More than an isolated sales office: we design, manufacture, test our products

Last Friday, two customers who called applications specialist Luke Turner found that he was out of pocket because he was testing a product prototype.

Sentry Air test team creates a test to saturate a filter.

In our test lab, an employee team wanted to extremely saturate a filter. They created an in-hood environment that unprotected workers wouldn’t be asked to tolerate; they could then judge the prototype hood’s ability to perform its tasks. In addition to an engineering and design consultant, this test team’s members were provided by sales and marketing departments.

They were a little surprised to discover that Luke is a PhD chemist.

At Sentry Air, in addition to helping customers select appropriate air cleaning devices, he designs efficiency tests and helps conduct them.

Luke’s customers liked his test participation

Luke’s customers weren’t upset that he wasn’t immediately available. For the customers who called – laboratory professionals all – Luke earned additional tech cred from people who share his specialization.

greengeneWhile we don’t all possess Luke’s educational credentials, most of us at Sentry Air seem to have the nerdly gene, the one that gets a kick out of learning how things work. And how we might make things work better.

Each of us sometimes steps outside our assigned roles to act as testers. As such, we may carry a stopwatch, a camera or a pencil, whatever is needed to ensure a test is carried to completion.

Customer’s isoflurane test

Sometimes, customers send us the results of tests they’ve run on our equipment. We love that!

Set-up for an isoflurane efficiency test of Sentry Air's Winged Sentry fume extractor.

Customer-supplied photo shows the isoflurane test set-up.

Here’s one:

Isoflurane is an anesthetic agent used in many labs.

NIOSH says even at low concentrations it has the potential to cause reproductive problems, damage DNA, and harm the brain.

When a customer’s safety engineer tested our Winged Sentry, he said, “sampling conducted in this room showed significant improvements in the breathing zone and immediate surgical area. The results were a fraction of the action limit, indicating substantial, sufficient improvement.”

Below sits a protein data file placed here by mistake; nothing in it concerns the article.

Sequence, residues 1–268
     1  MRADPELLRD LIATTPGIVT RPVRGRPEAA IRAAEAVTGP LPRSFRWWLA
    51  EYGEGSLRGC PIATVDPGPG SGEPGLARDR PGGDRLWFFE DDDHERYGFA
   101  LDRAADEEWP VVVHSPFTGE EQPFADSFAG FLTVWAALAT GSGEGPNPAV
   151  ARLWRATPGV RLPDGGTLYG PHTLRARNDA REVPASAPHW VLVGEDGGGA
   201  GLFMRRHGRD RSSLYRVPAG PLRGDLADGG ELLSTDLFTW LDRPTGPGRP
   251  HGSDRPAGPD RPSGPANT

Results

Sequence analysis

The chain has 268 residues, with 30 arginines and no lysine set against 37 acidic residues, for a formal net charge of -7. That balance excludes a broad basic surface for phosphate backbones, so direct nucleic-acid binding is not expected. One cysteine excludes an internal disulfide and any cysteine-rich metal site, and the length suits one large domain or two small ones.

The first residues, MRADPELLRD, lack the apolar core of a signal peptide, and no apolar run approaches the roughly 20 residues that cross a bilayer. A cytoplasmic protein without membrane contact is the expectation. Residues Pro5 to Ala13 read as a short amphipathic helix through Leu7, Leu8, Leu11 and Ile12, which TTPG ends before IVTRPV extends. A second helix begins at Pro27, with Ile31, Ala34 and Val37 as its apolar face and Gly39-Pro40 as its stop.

Read the customer’s entire testimonial in our blog.

Tested welding fume extractor for nanoparticle efficiency

figure1annotated2-01In 2008, on behalf of a manufacturer of engineered metal nanoparticles, NIOSH tested the efficiency of our Model 300 portable fume extractor.

In their paper in the Journal of Occupational and Environmental Hygiene, NIOSH concluded fume extraction at the source can be highly effective in controlling the emissions of engineered nanomaterials to prevent their spread.

You can read the entire study on our website.

If you’re asking yourself why a welding fume extractor traps engineered nanoparticles, consider this: the high temperatures of welding produce combustion-derived nanoparticles. Welders have used our fume extractors for over a decade.

Test data tab

Testing is important to us.

That’s why our website has a Test data tab. We want you to find our data easily.

Contact us

Give us a call at 800.799.4609 to discuss any of our test results.

You can also email or use the feedback form below.



More from Luke in this blog post:
Respiratory protection from Schaudinn Fixative vapor

Industrial Hygiene Report: Control of Hexavalent Cr in Welding Fume

Industrial Hygiene Report: Control of Welding Fume Particulates Using Cleanable Filter Media, Hexavalent Chromium

Efficiency Tests